|Intro||Italian painter (1598-1630)|
|A.K.A.||Daniel Crespi, Daniele Crispo, domenico crespi, Danielle Crespi, Cresp…|
|Birth||1598, Busto Arsizio, Italy|
|Death||19 July 1630, Milan, Italy (aged 32 years)|
Daniele Crespi (1598 – 19 July 1630) was an Italian painter and draughtsman. He is regarded as one of the most original artists working in Milan in the 1620s. He broke away from the exaggerated manner of Lombard Mannerism in favour of an early Baroque style, distinguished by clarity of form and content. A prolific history painter, he was also known for his portraits.
He was born in a family that was original from Busto Arsizio. It is not clear whether he himself was born in Busto Arsizio or in Milan. The date of his birth is not known with certainty with estimates ranging from 1591 to 1598. His training is not well documented and he is first recorded in 1619 as working with local painter Guglielmo Caccia working on an assignment in a church in Milan. One of his first teachers was Giuseppe Vermiglio of Turin. He next studied with Giovanni Battista Crespi and Giulio Cesare Procaccini. In 1621, Crespi was involved with the Accademia Ambrosiana. Portrait of Antonio Olgiati Crespi died in Milan during the plague epidemic in 1630. Among his pupils was Melchiorre Giraldini.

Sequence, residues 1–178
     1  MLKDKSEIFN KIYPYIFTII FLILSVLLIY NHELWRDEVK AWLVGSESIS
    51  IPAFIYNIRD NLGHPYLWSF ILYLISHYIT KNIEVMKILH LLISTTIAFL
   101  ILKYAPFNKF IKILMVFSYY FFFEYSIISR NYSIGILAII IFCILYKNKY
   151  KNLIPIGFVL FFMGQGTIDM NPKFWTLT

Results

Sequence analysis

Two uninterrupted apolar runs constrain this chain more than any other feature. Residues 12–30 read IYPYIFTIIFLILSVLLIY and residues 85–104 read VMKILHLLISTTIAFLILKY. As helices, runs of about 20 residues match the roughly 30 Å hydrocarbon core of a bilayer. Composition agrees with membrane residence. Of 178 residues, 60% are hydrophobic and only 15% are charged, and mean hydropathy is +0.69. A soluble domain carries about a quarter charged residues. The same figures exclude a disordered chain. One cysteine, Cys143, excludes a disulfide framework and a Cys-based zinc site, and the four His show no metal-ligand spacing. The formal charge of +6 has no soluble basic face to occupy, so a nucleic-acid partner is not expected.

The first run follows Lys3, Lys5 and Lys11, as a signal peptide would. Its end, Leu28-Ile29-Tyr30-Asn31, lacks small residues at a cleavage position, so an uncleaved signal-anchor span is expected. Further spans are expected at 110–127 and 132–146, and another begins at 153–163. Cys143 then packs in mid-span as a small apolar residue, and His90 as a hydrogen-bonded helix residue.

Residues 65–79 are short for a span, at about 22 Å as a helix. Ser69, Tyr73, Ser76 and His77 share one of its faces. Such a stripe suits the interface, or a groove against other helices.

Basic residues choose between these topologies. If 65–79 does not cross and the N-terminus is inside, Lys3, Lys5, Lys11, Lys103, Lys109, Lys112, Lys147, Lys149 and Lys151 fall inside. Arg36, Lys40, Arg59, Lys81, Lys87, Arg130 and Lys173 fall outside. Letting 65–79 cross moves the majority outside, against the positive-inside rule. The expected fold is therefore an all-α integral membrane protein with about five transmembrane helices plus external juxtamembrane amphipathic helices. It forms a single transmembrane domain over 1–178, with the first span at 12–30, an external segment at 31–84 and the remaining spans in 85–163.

Crespi was mainly active as painter of religious subjects used as decoration for churches. He was also known for his sensitive portraits. He was an excellent colorist, known for the simplistic beauty of his compositions. His best works include a series of pictures from the life of Saint Bruno (now in the Certosa di Garegnano in Milan) and a depiction of the Stoning of St. Stephen (in Brera). Another masterpiece is the dark 1628 Supper of St Carlo Borromeo in the church of Santa Maria della Passione in Milan, one of the best-known early 17th-century paintings in northern Italy. Other works by him can be found in Milan and Pavia. The Conversion of Saint Paul, painted about 1623, is considered to be the artist's finest painting in the United States (at the Blanton Museum of Art in Austin). When compared to Caravaggio's earlier work in the Cerasi Chapel, it shows the persistence of Crespi's Mannerist traits.